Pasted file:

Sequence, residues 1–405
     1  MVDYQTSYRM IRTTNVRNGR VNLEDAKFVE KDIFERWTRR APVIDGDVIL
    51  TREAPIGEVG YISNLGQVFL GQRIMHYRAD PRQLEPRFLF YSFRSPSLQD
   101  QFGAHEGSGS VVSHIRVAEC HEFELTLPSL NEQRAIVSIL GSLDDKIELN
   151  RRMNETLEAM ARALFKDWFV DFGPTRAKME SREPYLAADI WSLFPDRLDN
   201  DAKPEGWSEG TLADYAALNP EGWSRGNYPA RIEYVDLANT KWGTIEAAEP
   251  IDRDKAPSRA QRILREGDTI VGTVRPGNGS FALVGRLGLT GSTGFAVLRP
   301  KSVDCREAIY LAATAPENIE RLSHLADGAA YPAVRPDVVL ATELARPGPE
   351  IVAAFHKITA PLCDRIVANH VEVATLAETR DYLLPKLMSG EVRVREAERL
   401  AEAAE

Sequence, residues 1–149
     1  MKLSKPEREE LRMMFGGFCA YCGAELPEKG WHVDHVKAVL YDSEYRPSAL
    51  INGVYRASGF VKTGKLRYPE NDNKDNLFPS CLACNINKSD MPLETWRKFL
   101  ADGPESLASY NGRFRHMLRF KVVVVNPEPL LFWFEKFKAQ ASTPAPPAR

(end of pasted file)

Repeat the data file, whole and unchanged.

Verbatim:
Sequence, residues 1–405
     1  MVDYQTSYRM IRTTNVRNGR VNLEDAKFVE KDIFERWTRR APVIDGDVIL
    51  TREAPIGEVG YISNLGQVFL GQRIMHYRAD PRQLEPRFLF YSFRSPSLQD
   101  QFGAHEGSGS VVSHIRVAEC HEFELTLPSL NEQRAIVSIL GSLDDKIELN
   151  RRMNETLEAM ARALFKDWFV DFGPTRAKME SREPYLAADI WSLFPDRLDN
   201  DAKPEGWSEG TLADYAALNP EGWSRGNYPA RIEYVDLANT KWGTIEAAEP
   251  IDRDKAPSRA QRILREGDTI VGTVRPGNGS FALVGRLGLT GSTGFAVLRP
   301  KSVDCREAIY LAATAPENIE RLSHLADGAA YPAVRPDVVL ATELARPGPE
   351  IVAAFHKITA PLCDRIVANH VEVATLAETR DYLLPKLMSG EVRVREAERL
   401  AEAAE

Sequence, residues 1–149
     1  MKLSKPEREE LRMMFGGFCA YCGAELPEKG WHVDHVKAVL YDSEYRPSAL
    51  INGVYRASGF VKTGKLRYPE NDNKDNLFPS CLACNINKSD MPLETWRKFL
   101  ADGPESLASY NGRFRHMLRF KVVVVNPEPL LFWFEKFKAQ ASTPAPPAR